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Separation: Deprivation | AQA B Psychology
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Separation: Deprivation

DeprivationLosing something which a person once had, (secure relationship, bonded with a mother).

  • Child doesn’t want carer to leave, rejects when she returns:
    • Protest – crying and struggling.
    • Despair – becomes calm, cries quietly, unhappy
    • Detachment – little emotion, unconcerned. Rejects carer when returns.
  • SCHAFFER– certain children suffer more in separation situations:
    • Males
    • Difficult temperament (personality)
    • History of family conflict
    • Parents psychologically unavailable
    • Suffers repeated separations
  • Separation Anxiety – Children who have experienced separations suggest that one long term consequence may be a fear that separation may occur again. Increased clinging, aggression towards carer. In adulthood, may result in fear of abandonment in relationship making, difficult to trust other people.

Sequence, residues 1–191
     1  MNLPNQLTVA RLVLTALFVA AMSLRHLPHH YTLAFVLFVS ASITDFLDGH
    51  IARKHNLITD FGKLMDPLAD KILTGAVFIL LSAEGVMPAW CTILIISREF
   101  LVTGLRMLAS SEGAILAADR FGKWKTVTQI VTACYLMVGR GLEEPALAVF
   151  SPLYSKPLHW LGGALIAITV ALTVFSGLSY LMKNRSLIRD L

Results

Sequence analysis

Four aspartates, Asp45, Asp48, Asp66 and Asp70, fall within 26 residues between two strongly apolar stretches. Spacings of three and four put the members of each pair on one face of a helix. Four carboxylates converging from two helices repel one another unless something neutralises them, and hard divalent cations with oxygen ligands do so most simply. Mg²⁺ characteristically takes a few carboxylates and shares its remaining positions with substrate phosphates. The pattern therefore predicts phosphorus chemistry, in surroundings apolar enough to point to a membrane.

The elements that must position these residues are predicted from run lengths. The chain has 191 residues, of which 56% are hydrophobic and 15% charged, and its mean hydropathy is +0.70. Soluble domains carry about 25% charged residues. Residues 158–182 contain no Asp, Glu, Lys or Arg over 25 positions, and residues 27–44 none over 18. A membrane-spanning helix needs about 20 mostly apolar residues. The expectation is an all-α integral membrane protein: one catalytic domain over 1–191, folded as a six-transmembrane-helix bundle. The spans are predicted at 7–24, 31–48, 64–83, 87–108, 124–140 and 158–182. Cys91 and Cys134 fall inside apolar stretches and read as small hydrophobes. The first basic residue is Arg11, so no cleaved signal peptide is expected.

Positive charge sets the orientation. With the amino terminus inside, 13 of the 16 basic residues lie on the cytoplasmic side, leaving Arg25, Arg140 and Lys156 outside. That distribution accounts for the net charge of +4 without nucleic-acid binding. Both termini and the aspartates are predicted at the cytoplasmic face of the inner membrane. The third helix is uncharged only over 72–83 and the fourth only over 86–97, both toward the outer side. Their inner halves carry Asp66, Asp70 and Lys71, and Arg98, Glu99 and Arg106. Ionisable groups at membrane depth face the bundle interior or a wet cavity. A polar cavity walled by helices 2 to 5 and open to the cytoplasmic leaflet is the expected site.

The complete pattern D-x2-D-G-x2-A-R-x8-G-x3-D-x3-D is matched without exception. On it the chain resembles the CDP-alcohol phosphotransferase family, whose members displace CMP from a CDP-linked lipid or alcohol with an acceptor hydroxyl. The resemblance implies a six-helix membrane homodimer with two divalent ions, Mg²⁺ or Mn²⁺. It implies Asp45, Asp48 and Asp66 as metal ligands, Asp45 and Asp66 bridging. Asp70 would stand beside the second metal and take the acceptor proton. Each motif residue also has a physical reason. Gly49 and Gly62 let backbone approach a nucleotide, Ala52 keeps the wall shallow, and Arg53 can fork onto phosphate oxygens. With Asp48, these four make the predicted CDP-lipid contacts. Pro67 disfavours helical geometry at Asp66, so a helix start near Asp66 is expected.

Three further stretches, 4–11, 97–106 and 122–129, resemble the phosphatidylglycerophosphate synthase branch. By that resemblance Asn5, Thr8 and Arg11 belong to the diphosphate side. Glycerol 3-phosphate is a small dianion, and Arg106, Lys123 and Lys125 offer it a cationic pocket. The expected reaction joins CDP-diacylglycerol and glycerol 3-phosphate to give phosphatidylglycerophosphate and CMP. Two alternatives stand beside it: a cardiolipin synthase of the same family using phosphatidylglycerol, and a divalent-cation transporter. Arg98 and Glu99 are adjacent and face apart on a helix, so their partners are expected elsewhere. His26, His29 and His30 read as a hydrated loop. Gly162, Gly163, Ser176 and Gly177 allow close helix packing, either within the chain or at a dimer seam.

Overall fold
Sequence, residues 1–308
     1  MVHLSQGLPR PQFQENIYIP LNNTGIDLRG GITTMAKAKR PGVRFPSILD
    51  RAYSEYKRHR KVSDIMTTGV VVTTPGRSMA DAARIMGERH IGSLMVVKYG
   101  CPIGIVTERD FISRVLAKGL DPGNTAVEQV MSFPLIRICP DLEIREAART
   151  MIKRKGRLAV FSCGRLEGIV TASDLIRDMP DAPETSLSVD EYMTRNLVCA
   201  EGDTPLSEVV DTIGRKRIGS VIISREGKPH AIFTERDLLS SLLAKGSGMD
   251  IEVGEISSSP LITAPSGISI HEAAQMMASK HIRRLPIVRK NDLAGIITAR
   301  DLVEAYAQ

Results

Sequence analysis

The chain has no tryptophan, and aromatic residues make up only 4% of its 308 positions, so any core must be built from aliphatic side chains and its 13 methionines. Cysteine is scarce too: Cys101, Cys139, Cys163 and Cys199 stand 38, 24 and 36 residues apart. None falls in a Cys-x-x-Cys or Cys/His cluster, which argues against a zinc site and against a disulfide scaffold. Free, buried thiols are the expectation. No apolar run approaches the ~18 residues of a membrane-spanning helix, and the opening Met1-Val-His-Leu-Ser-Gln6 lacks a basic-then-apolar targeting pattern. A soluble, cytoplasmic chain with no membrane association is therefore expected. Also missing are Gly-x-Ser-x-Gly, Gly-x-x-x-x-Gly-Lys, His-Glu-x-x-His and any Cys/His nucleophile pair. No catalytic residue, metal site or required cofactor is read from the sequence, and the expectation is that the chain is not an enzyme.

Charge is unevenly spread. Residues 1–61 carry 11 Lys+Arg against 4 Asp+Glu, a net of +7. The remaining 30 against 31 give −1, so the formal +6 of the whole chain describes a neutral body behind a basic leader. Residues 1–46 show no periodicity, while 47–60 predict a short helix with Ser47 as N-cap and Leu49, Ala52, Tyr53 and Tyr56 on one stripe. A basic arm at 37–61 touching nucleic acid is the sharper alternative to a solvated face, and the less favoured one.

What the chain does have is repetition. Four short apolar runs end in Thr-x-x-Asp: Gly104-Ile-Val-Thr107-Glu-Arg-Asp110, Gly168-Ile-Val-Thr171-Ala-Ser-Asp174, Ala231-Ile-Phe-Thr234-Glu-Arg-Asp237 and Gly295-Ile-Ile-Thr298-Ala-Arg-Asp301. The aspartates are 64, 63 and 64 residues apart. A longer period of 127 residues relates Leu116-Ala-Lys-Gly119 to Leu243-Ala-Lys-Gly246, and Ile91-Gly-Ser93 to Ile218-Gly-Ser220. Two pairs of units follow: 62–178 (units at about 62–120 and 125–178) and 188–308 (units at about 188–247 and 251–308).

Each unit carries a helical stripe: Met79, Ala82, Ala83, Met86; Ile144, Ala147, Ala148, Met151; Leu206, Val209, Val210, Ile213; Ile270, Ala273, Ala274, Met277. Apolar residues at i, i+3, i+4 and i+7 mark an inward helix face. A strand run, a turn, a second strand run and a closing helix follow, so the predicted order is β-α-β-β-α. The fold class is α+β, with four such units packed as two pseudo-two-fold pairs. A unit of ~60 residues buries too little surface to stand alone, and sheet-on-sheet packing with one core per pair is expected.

• HARLOW – Deprivation in monkeys.

Experiment: BELSKY

Aim: Investigated the effects of day care on attachment relationships.

Method: Collated results of number of previously published studies. Included time children spent in non-maternal care and info about their attachment.

Results: 464 children – 26% day-care /less than 20hrs per week – Insecure attachments and 41% day-care /more than 20 hrs per week – Insecure

Conclusion: More than 20hrs per week = negative affect on attachment.

Separation situations occur when parents divorce, divorced parents show some negative life outcomes – lower academic attainment, delinquency. Data is correlation, doesn’t show separation after divorce causes negative effects.

SCHAFFER – effects of divorce related separations + several factors that help reduce effects of separation:

  • Regular contact with absent parent
  • Reduced parental conflict
  • Avoidance of further disruption, moving school

Children cope differently, some increase contact with friends or siblings (JENKINS)

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